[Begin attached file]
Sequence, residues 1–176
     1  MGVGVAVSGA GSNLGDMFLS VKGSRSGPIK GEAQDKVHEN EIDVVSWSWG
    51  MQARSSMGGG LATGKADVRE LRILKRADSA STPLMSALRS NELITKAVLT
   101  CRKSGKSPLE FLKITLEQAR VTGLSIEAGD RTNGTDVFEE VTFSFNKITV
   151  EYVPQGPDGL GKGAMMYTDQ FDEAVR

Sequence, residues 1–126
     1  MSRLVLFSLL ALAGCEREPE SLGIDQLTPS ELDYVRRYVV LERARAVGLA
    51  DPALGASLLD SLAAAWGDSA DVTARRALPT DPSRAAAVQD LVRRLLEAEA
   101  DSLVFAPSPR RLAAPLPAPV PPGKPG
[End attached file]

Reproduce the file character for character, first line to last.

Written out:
Sequence, residues 1–176
     1  MGVGVAVSGA GSNLGDMFLS VKGSRSGPIK GEAQDKVHEN EIDVVSWSWG
    51  MQARSSMGGG LATGKADVRE LRILKRADSA STPLMSALRS NELITKAVLT
   101  CRKSGKSPLE FLKITLEQAR VTGLSIEAGD RTNGTDVFEE VTFSFNKITV
   151  EYVPQGPDGL GKGAMMYTDQ FDEAVR

Sequence, residues 1–126
     1  MSRLVLFSLL ALAGCEREPE SLGIDQLTPS ELDYVRRYVV LERARAVGLA
    51  DPALGASLLD SLAAAWGDSA DVTARRALPT DPSRAAAVQD LVRRLLEAEA
   101  DSLVFAPSPR RLAAPLPAPV PPGKPG